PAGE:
Huge waves that struck Reunion Island and coastlines across Indonesia earlier this month all originated from the same storm that occurred south of Cape Town, South Africa, and were tracked across the entire Indian Ocean for some 10 000 kilometres over a nine-day period by ESA's Envisat satellite.
Waves reaching up to 11 metres devastated France's Reunion Island in the Indian Ocean when it slammed into the southern port of Saint Pierre on 12 May. Six days later waves created from the same storm measuring as high as seven metres began crashing into Indonesia coastlines from Sumatra to Bali, killing at least one person and causing some 1200 people to flee their homes.
Dr Bertrand Chapron of IFREMER, the French Research Institute for Exploitation of the Sea, and Dr Fabrice Collard of France's BOOST Technologies in Brest located and tracked the swells using standard processed Synthetic Aperture Radar (SAR) ESA Wave Mode products, as shown in the animation above.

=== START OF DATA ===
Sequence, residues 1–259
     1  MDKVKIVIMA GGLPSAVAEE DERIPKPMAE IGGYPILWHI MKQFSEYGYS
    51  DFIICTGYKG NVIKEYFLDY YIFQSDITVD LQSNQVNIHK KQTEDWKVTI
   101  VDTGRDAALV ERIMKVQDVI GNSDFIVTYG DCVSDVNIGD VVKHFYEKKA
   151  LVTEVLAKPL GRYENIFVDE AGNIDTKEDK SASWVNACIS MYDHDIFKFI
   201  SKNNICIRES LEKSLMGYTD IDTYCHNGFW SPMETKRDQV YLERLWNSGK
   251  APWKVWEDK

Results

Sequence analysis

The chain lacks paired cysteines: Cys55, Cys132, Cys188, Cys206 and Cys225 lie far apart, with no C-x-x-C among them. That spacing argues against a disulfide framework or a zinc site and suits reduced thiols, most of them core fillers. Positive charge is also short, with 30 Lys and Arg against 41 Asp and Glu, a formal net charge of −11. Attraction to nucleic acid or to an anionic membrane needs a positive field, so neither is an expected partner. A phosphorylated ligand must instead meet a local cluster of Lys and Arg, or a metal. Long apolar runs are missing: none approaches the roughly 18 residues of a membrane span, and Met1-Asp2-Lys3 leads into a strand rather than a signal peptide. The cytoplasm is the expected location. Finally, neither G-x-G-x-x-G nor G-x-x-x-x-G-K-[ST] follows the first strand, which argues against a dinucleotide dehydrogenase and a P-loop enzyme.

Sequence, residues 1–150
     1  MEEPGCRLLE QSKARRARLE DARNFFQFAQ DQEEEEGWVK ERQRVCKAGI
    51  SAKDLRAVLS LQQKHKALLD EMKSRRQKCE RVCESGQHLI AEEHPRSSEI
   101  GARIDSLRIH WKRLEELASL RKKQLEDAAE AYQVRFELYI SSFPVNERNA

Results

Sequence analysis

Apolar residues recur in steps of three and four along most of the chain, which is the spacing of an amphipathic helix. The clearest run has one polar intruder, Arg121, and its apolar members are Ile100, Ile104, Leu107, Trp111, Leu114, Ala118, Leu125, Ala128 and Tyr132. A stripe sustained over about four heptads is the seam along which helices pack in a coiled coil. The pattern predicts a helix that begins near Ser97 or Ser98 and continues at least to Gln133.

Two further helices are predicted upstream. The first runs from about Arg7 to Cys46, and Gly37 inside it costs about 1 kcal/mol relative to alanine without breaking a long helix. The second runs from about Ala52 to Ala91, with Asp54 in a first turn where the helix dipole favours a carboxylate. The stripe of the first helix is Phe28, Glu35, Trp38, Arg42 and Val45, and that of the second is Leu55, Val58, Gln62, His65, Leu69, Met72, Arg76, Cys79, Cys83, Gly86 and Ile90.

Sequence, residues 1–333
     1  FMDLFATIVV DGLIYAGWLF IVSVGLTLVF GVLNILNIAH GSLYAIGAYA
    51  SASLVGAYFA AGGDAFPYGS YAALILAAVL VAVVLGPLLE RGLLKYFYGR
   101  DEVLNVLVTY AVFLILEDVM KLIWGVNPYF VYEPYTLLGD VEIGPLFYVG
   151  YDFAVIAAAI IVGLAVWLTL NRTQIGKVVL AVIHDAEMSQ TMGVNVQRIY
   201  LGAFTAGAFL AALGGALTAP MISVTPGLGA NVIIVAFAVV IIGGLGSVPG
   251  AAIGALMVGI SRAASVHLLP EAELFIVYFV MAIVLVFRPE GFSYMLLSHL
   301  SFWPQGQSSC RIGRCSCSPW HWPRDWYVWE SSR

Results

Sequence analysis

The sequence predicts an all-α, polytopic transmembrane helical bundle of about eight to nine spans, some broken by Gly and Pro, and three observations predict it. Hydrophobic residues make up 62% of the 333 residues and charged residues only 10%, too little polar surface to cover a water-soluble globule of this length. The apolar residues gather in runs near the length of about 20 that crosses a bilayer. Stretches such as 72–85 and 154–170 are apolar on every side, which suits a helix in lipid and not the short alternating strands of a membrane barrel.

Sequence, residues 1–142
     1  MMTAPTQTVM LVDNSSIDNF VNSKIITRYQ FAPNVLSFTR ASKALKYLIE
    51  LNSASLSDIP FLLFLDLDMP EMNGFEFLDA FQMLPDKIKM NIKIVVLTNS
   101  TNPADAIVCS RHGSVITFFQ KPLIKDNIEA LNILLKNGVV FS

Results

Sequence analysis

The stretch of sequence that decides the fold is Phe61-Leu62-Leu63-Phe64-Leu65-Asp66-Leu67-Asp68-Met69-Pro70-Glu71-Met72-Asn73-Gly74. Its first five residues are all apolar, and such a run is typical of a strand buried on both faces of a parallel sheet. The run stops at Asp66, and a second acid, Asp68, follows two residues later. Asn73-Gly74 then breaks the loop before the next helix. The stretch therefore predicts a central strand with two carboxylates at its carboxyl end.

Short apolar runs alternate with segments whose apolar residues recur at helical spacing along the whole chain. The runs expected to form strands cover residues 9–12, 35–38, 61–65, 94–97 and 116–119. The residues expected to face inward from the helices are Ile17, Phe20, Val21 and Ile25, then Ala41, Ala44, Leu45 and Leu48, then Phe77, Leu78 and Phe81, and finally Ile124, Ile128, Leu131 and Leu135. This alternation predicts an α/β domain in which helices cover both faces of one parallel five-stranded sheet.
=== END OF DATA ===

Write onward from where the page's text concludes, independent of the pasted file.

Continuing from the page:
"The extreme swell systems originated from the same storm, which moved rapidly and had two main strong wind periods," Chapron said. "As illustrated in the animation, the resulting waves were organised into two main swell systems that followed each other across the entire Indian Ocean, hitting Reunion Island, Mauritius, Australia and Indonesia."
According to the Reuters news agency, no official warning about the huge waves that hit Indonesia were issued. Although the waves that hit Reunion Island were forecasted, their intensity was predicted to be 20 to 30% below measurements, Collard explained.
"Although swells are still surprise factors, these particular swells were created by natural events so they could be tracked," Chapron said. "By using the SAR Wave Mode product, we can locate and systematically track swells globally, making it possible to put a network of early warning systems in place in the near future."